While the Austin police may have been less than zealous in their investigation, the Dallas County Sheriff's Department is promising a complete investigation. "We have identified Danny Fry and now we are trying to find out who is responsible," said department spokesman Ed Spencer. "The possibilities are intriguing, but beyond that, it's not appropriate to speculate about where the investigation might go."
One final oddity about Fry and Waters: According to the Express-News, Danny Fry's brother, Bob Fry, received a letter from Danny in 1995 stating if he didn't return by a certain date, then "something serious had happened. I should contact the authorities and bring in Dave Waters name, that Dave Waters planned what we did." After his brother disappeared, Bob Fry called Waters and told him about the letter. The next evening, Waters and another man were on his doorstep in Florida, demanding the letter, Fry told the Express-News.
Waters' next probationary hearing before Magistrate Jim Coronado is scheduled for Feb. 24. -- R.B.
When approximately 200 protestors rallied on the South steps of the Capitol building last Saturday to draw attention to the James Byrd Hate Crime Bill(see "On the Lege," p.43), they were joined by many who want to add the Jan. 8 murder of 18-year-old transvestite D. Scott Fuller to the list of hate-related crimes in Texas. One of the bill's primary lobbying groups, the Lesbian and Gay Rights Lobby of Texas (LGRL), is grouping Fuller's murder with two other recent murders of African-American gay men in Texas City and the murders of approximately 25 gay men throughout Texas in the past year.
Dianne Hardy-Garcia, president of LGRL, believes that the news of Fuller's murder, alongside other recent national stories such as the murders of Matthew Shepard, a gay man in Laramie, Wyoming, and of James Byrd, an African-American man in Jasper, Texas, will convince the bill's detractors of its necessity. Hardy-Garcia points out that a strongly opposed bill in the conservative Wyoming legislature passed in the wake of Shepard's death and the national attention which resulted.
However, the Travis County prosecutor's office has not charged Fuller's murder as a hate crime, and has not yet released any information to characterize it as such. "We're not sure if it was a hate crime, and we all recognize that," says Hannah Riddering, president of the Austin chapter of the National Organization for Women, which co-sponsored Saturday's rally. "But there's a good possibility that it was, given that [Fuller] was a transvestite." Hardy-Garcia says that her group is not identifying the Fuller murder as a hate crime yet, but is keeping a close watch on the investigation because the brutality of the crime itself suggests hate-related violence.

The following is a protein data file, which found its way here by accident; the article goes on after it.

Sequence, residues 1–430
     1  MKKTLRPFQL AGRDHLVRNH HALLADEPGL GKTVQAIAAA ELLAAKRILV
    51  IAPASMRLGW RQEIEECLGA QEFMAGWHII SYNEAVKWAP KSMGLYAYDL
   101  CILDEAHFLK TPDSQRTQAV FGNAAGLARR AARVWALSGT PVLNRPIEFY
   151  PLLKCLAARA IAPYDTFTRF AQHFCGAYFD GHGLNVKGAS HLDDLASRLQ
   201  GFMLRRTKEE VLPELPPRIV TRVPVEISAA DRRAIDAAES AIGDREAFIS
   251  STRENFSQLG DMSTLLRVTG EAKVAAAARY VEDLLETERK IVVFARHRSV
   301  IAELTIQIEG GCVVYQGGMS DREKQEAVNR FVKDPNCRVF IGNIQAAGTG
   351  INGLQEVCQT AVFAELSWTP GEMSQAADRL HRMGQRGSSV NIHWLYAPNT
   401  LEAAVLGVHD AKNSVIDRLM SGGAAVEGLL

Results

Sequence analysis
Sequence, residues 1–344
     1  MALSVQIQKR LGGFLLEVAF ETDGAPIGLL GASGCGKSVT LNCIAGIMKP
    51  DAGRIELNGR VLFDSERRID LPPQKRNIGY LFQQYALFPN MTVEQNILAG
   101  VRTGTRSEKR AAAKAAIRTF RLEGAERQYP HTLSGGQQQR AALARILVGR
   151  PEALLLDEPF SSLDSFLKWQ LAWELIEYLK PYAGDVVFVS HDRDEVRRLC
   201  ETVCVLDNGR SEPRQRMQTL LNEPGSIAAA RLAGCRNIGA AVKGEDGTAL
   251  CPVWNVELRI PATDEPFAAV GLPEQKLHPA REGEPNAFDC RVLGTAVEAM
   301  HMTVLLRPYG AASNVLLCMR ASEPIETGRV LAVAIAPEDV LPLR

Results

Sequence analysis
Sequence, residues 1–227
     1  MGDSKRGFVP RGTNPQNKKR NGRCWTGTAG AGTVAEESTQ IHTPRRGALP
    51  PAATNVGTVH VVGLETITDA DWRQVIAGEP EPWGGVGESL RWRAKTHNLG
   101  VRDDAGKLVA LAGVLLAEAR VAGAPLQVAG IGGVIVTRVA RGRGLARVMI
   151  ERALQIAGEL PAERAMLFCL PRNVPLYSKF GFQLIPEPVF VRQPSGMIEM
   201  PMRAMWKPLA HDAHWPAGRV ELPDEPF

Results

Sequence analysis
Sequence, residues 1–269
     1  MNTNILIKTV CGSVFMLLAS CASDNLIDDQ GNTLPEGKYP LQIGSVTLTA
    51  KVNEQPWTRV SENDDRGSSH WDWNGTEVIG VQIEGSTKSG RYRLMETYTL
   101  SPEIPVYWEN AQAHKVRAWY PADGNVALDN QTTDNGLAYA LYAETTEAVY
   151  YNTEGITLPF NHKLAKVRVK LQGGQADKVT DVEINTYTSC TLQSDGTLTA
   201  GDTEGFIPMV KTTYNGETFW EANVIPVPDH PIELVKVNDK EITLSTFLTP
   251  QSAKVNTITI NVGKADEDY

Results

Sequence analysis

Regardless of whether Fuller was killed as an act of hate, says Hardy-Garcia, LGRL and other gay rights groups are drawing attention to the case because it "typifies what happens in the worst-case scenario with gay youth. He had a terrible time in school and fell into all the traps that are really very present in the lives of young gay people: drugs and the street and dropping out of school. Gay youth are at higher risk than other groups and Scott was one of those kids who could not hide that he was gay, which put him at a very special risk." -- K.V.
Hate Is a Four-Letter Word
Two nights before Saturday's rally, civil rights activists from across the state participated in a forum at Town Lake Center, sponsored by the Austin Human Rights Commission to learn more about various challenges communities face regarding hate crimes, including information on the proposed James Byrd Jr. Act (see preceding item). Panelists said passage of the Byrd Act would help increase local awareness of hate crimes, and help law enforcement officials identify and prosecute hate-crime offenders as early and as rigidly as possible in hopes of deterring later more serious crimes, like the murder of Byrd. But LGRL's Dianne Hardy-Garcia said without a considerable amount of attention from the state officials, the hate crimes law will remain ineffectual: "Legislators' silence on this issue is the most powerful message of all. For us not to do something about hate crimes is the legacy of our past."
Crimes committed because of bias or prejudice have a broader, deeper psychological impact on the community, said Jonathan Bernstein, director of the Anti-Defamation League-Southwest Region, explaining the urgent need for the beefed up legislation. "Hate crimes could tear at the rich multicultural fabric of our community."
One area not addressed in the new legislation, but that presents a particular challenge in fighting hate crimes, said Bernstein, is the Internet. Bernstein said there are currently an estimated 200 to 300 sites promoting bias and prejudice on the Web. He cited a recent example of a University of Texas student who created a site from a campus computer lab titled the "Aryan Crusader" and displayed the words "Keep America White."
"Before, a hatemonger had to go to Kinko's and print out a bunch of fliers; now all one has to do is make a Web site," said Bernstein.
While Austin residents tend to think of their city as fairly progressive, in 1997 Austin reported more hate crimes in Austin than anywhere else in Texas: 52. The second highest number of cases -- 40 -- was reported in much larger Dallas. Lt. Shauna Jacobson of the Austin Police Department said that Austin's high number of reported hate-crime incidents is actually a positive sign that the APD is more capable of -- and more willing to -- identify hate crimes. While her fellow panelists agreed with Jacobson's conclusion, most agreed that lack of appropriate police training is just one of the many intrinsic flaws with the state's current hate-crimes law. -- T.T.